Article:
The Honorable James O. Langfelder, Mayor, City of Springfield

Thank you all for being here with us.

I have my Harmon support group here today.

My wife, Teri.

And our children:

  • Don,
  • Frances
  • and Maggie

They are the foundation of every good decision I make.

And if I make any bad decisions, it’s clear I didn’t seek their counsel.

OK, so here we are.

The ongoing Capitol construction project dispatched us to this historic chamber for today’s ceremony.

I want to thank Justin Blandford and his historic sites team at the Department of Natural Resources for all their work shoehorning us in and helping make this event happen.

This building and its history are a treasure for our state and I hope everyone comes back in due time to explore that legacy.

We have in our midst today 16 Senators taking the inaugural oath of office for the very first time.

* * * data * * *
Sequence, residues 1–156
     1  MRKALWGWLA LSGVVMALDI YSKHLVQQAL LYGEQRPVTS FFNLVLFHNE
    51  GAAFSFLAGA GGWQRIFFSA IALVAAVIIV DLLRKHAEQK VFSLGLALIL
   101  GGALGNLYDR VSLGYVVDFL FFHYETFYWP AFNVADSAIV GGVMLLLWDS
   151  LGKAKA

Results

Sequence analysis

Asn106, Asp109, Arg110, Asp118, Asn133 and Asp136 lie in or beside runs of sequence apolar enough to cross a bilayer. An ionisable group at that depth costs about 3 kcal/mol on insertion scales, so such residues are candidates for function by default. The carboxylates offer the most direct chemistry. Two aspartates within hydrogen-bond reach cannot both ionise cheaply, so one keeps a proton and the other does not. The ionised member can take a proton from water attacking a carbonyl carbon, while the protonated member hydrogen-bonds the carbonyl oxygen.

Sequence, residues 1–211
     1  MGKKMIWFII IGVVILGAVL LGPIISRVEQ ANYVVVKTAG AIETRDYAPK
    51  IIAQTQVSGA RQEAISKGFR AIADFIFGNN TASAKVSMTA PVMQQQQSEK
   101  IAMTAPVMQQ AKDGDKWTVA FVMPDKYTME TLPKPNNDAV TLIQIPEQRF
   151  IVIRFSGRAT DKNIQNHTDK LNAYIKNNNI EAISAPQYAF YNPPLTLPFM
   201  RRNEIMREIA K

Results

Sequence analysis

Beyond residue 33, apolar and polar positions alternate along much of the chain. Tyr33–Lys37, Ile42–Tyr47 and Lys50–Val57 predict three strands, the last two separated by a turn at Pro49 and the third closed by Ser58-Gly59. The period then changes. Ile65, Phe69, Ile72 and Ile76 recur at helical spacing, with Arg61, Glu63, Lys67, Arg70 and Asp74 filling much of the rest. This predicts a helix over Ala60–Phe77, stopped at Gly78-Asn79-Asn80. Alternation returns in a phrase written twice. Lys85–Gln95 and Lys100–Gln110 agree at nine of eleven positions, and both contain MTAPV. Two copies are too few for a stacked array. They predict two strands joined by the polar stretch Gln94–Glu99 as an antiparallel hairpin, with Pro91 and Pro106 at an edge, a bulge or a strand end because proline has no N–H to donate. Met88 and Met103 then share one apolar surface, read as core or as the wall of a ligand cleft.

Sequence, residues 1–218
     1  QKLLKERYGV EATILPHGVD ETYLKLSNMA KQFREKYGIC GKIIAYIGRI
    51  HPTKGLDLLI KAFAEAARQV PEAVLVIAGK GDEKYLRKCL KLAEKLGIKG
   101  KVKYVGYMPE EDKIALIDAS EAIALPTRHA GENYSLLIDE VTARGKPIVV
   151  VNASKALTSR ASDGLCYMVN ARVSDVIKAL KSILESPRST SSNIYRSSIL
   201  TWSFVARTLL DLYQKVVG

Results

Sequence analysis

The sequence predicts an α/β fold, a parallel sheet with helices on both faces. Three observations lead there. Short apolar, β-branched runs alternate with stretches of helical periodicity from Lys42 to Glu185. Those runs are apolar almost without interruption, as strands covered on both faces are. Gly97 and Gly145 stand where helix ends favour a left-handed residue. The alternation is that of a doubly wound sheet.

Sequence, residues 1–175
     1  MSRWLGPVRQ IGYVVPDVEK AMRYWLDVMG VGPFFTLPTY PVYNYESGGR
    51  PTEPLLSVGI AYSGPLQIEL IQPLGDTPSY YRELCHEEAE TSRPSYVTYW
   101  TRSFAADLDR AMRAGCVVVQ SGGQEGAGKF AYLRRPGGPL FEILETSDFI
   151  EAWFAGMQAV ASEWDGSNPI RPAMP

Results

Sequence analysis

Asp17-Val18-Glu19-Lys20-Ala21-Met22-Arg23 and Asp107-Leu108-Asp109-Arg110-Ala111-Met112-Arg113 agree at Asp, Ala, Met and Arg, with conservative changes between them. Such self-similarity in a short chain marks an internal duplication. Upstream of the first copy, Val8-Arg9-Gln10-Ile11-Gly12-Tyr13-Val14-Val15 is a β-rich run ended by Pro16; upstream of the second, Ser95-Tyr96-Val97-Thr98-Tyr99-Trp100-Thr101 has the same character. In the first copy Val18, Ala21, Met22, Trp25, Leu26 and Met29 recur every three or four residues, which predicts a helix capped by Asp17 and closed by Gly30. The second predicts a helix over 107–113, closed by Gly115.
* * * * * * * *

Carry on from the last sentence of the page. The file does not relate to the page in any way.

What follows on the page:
Welcome aboard.

Our roll call shows 59 members, but I would like to acknowledge a 60th Senator who is not here.

We lost a friend last month with the passing of Senator Scott Bennett.

May his life serve as a reminder to value and enjoy the time we have.

He was a model for public service, and we miss him dearly.

I would ask that we have a moment of silence in his honor.

Of all the places we could have picked for today today’s ceremony, it’s fitting that we are here in this building and this chamber.

This is a place of fresh starts and new beginnings.

Not so long ago, our former colleague Barack Obama launched his campaign for the presidency from the steps outside.

Less renowned, but arguably just as important, this very chamber hosts naturalization ceremonies in which people from across the globe complete their journey to become US citizens.

On February 1, 1865, the House, in this chamber, rushed to make Illinois the first state in the nation to ratify the 13th Amendment abolishing slavery, approving the measure by large majorities and, just as impressively, wrapping up those historic votes by 4:30 that afternoon.